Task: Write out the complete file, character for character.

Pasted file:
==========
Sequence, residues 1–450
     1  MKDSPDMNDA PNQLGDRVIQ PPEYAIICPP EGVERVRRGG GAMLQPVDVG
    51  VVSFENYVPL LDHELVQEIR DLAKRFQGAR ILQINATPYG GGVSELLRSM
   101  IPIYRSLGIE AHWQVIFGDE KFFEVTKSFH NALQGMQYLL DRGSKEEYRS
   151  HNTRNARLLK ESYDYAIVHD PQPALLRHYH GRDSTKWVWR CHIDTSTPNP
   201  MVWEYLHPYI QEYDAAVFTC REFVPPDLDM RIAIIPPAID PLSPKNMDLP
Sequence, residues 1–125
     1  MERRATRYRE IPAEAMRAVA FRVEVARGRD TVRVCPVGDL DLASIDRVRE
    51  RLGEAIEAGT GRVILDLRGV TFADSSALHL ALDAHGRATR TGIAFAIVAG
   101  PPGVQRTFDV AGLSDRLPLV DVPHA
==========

Sequence, residues 1–450
     1  MKDSPDMNDA PNQLGDRVIQ PPEYAIICPP EGVERVRRGG GAMLQPVDVG
    51  VVSFENYVPL LDHELVQEIR DLAKRFQGAR ILQINATPYG GGVSELLRSM
   101  IPIYRSLGIE AHWQVIFGDE KFFEVTKSFH NALQGMQYLL DRGSKEEYRS
   151  HNTRNARLLK ESYDYAIVHD PQPALLRHYH GRDSTKWVWR CHIDTSTPNP
   201  MVWEYLHPYI QEYDAAVFTC REFVPPDLDM RIAIIPPAID PLSPKNMDLP
Sequence, residues 1–125
     1  MERRATRYRE IPAEAMRAVA FRVEVARGRD TVRVCPVGDL DLASIDRVRE
    51  RLGEAIEAGT GRVILDLRGV TFADSSALHL ALDAHGRATR TGIAFAIVAG
   101  PPGVQRTFDV AGLSDRLPLV DVPHA